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Papillon: those ears, though. The long hair that hangs from their cute, perky little ears makes them look like little butterflies. (Or Chrissy Snow from “Three's Company.”) Originally called the “dwarf spaniel,” this breed might have gotten its new name from the last queen of France. Marie Antoinette called her dog “le petit papillon,” or “little butterfly.” Stories have it that her majesty carried her Papillon with her while she walked to the guillotine. (The dog supposedly survived the revolution; Marie Antoinette, of course, did not.)
This ancient breed has also appeared in paintings by Renaissance giants Rembrandt, Titian, and Rubens. Today, most Papillons are cherished lapdogs. They also do well in therapy work.
Originally from France, this small-sized and medium-energy breed can grow to between 4-9 pounds and lives an average of 12-15 years. The breed is recognized by the American Kennel Club and classified as a member of the Toy group.
AKC Recognized: Y
Breed's Original Pastime: Companion
Breed Group: Toy
Average Lifespan: 12-15 years
Bark Factor: Moderate
Energy level A marathoner
Exercise needs A walk in the park
Playfullness and Games All day, every day
Attachment to People Never leave my side
Behavior with Other Dogs I like being part of a pack
Behavior with Other Small Pets I'm usually friendly, as long as we're supervised
Behavior Toward Strangers I've never met a stranger I don't like
Trainability I'll probably make you work at it
Watchdog ability I know all that's going on, all the time
Protection ability I'm not very protective
Grooming needs Regular brushing, probably professional grooming
Cold tolerance Warm climates or lots of jackets, please
Heat tolerance A warm day can be fun, but not too hot please.
BEHAVIOR & TRAINING
WHAT IS A PAPILLON'S PERSONALITY LIKE?
Cheerful, clever, and curious, Papillons are basically butterflies that you can cuddle. They're affectionate, playful, and funny. These dogs are absolutely wonderful with children. As with any tiny breed, however, you'll want to be sure to supervise play so that your little furry friend isn't accidentally injured. Strangers of the two- or four-legged variety are just friends your Papillon hasn't met yet.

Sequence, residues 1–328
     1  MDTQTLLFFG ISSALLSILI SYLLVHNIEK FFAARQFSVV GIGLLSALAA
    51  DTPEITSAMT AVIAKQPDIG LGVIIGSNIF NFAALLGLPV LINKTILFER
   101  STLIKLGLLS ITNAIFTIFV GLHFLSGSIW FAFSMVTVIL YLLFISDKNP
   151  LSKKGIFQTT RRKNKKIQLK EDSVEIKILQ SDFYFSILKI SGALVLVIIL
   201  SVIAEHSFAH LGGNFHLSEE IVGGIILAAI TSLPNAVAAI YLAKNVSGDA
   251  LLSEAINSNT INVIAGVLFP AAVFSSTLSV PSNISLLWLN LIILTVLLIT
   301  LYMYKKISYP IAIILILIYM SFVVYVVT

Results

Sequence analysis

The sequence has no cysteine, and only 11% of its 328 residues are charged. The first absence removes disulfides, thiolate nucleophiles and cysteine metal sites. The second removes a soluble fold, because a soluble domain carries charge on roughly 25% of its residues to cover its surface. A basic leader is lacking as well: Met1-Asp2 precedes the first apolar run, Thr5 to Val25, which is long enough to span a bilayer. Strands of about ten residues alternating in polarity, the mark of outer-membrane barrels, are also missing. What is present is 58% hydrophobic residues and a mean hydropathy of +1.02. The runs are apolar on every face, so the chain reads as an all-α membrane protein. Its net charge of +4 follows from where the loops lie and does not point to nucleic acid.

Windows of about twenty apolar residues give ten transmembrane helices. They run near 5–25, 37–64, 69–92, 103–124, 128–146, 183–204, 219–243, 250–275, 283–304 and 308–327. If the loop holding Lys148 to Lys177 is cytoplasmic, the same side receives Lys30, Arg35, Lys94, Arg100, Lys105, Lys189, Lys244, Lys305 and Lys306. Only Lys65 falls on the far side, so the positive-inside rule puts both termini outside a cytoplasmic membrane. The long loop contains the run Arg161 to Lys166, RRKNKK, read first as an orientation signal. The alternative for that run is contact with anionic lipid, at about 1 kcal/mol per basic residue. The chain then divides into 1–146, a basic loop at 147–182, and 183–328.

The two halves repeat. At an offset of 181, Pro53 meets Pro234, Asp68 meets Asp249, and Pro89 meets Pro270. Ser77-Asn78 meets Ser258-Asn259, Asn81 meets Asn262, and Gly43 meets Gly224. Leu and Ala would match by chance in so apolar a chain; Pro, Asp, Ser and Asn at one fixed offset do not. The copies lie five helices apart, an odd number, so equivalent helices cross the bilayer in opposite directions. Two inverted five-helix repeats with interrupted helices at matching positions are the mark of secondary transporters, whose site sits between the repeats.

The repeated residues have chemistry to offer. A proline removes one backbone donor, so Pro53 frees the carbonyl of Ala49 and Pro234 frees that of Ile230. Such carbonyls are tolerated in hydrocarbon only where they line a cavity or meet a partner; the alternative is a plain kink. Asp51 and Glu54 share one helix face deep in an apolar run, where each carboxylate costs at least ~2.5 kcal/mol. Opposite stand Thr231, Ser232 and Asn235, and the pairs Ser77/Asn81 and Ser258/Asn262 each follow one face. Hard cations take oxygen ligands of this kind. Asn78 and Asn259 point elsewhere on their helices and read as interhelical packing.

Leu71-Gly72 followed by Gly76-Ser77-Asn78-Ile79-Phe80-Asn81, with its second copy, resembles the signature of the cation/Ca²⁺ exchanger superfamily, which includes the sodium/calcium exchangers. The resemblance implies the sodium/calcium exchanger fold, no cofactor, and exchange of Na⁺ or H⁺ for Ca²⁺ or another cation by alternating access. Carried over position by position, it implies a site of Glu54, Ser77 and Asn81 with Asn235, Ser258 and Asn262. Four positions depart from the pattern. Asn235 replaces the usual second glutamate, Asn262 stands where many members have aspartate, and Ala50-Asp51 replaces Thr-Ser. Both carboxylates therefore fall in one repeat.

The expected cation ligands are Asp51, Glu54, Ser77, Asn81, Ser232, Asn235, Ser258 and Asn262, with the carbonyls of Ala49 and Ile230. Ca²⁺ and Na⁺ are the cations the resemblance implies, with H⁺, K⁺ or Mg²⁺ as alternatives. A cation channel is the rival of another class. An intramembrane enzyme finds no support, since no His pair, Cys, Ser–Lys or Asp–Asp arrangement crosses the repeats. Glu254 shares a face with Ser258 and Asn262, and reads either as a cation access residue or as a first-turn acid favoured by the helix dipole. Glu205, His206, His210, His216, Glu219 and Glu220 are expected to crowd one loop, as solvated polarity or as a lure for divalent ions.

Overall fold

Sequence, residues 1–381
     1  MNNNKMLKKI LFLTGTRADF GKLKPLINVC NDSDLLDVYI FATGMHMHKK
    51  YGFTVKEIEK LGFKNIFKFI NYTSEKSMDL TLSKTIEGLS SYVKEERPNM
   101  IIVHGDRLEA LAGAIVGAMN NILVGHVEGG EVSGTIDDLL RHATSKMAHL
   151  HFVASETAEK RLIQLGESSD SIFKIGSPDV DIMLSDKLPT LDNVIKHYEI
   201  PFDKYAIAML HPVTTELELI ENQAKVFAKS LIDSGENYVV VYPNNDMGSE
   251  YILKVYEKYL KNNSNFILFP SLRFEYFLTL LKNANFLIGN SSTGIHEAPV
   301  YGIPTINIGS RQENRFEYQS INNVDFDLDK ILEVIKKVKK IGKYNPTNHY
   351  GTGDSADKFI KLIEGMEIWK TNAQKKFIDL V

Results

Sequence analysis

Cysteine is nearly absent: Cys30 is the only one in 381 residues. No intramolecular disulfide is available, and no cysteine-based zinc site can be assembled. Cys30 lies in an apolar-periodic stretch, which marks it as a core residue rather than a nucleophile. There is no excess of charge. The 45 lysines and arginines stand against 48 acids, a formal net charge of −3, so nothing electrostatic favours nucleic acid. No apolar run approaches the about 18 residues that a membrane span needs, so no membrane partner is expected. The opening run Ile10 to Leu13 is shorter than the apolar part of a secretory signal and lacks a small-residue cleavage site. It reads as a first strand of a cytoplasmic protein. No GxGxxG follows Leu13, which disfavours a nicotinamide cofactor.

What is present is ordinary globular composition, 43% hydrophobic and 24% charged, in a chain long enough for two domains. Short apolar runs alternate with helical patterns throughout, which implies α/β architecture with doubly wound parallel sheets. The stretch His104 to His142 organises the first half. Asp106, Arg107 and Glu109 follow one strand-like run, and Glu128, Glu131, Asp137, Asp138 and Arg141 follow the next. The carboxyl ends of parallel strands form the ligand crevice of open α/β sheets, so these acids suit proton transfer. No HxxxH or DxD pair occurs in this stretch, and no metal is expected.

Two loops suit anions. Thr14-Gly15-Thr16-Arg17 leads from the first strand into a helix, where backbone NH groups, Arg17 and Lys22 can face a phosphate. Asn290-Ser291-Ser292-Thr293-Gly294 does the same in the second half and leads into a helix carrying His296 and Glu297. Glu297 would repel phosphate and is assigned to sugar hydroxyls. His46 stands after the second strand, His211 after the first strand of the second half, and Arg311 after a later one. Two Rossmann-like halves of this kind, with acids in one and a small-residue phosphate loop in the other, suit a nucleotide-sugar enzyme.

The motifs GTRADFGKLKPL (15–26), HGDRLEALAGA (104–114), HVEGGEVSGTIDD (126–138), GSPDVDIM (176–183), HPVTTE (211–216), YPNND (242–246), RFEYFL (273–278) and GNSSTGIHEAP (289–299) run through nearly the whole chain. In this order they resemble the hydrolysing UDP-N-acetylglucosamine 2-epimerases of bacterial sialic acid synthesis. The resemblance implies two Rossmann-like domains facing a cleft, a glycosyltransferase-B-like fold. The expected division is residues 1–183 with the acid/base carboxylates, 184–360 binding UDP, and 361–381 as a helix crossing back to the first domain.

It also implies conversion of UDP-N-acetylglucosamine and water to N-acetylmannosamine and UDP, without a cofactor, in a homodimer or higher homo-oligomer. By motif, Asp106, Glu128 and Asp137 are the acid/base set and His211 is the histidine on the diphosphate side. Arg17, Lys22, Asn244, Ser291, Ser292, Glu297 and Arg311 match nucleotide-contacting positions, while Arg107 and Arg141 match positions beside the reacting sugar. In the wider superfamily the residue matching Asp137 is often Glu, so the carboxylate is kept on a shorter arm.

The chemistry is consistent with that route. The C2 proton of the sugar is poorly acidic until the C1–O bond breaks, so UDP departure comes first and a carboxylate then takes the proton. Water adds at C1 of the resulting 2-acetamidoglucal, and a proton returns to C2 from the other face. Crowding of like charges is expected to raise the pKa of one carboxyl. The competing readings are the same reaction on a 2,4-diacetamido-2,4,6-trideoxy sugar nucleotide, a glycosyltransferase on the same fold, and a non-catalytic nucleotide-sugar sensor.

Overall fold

WHAT IS PAPILLON BEHAVIOR LIKE?
This is a little dog with a lot of energy. While you can meet her exercise needs with indoor romps, your Papillon's busy brain will enjoy the opportunity to get outside and sniff the flowers. These dogs also enjoy playing fetch. At home, they're usually calm and alert. Papillons can be a bit barky, so be sure to discourage nuisance barking early and often.
HOW EASY IS IT TO TRAIN A PAPILLON?
People-pleasing Papillons are exceedingly trainable. They learn quickly and respond well to games and treat rewards. They're also sensitive, so be gentle with your furry friend.
Among toy breeds, these dogs are some of the best competitors in agility and obedience. They make good canine citizens in the dog park, but will probably be safest and most comfortable on the small dog side of the park.
CARE & HEALTH
HOW MUCH DO PAPILLONS SHED AND WHAT ARE THEIR GROOMING NEEDS?
A Papillon's long, straight, silky coat will need twice-weekly combing and brushing. That single coat doesn't require much professional grooming, though — just bathe them as needed. They're average shedders.
WHAT HEALTH PROBLEMS DO PAPILLONS HAVE?
Papillons are generally healthy. Some are prone to eye disease, slipping kneecaps, seizures, and heart disease. Testing for von Willebrand Disease is standard in this breed. Some skeletal and spinal conditions can be problematic as well, so be sure to discuss this with your veterinarian if you're considering getting your own “little butterfly.”
As do many toy breeds, Papillons need to eat often to stave off hypoglycemia (low blood sugar). Feed them small, frequent meals of complex carbohydrates, fat, and high protein.
Breed history has moved while this section is under construction. Please check out the first tab for fun facts about this breed's history. You can also read on to learn about this breed's ideal family situation.
ARE PAPILLONS GOOD FOR PEOPLE WITH ALLERGIES?
The American Kennel Club doesn't list Papillons among its breeds recommended for allergy sufferers.
You can reduce your furry friend's impact on your allergies with frequent baths and brushings to reduce loose hairs and aggravating proteins in your pet's dander. Use a damp cloth to wipe off your dog after you've been playing outside. Smaller dogs have less surface area, and so produce comparatively less dander than larger breeds — definitely something to keep in mind with a dog as tiny as a Papillon! Remember that no breed is 100% hypoallergenic, and any breed can aggravate allergies.
WHAT IS A PAPILLON'S BEST DAY?
Playing with your Papillon outside — a game of fetch or a romp at the small-breed dog park would be just the thing.
SHOULD I ADOPT A PAPILLON?
These loving, playful, travel-sized dogs do well in many different kinds of homes. Papillons don't mind the heat, but their coats and tiny size don't provide much protection from the cold. (Bonus: excuse to dress this cutie up in adorable little sweaters.) Obviously, if you need a dog to protect farm animals, Papillons are not up to the task. But for folks in search of a sweet-natured companion, these dainty dogs are just the right size to fit in your heart and home.
Have you decided that a Papillon is the perfect dog for you? Why not be your new best friend's hero and adopt a rescue! Be sure to check out our article on what to expect when you're adopting a dog or cat.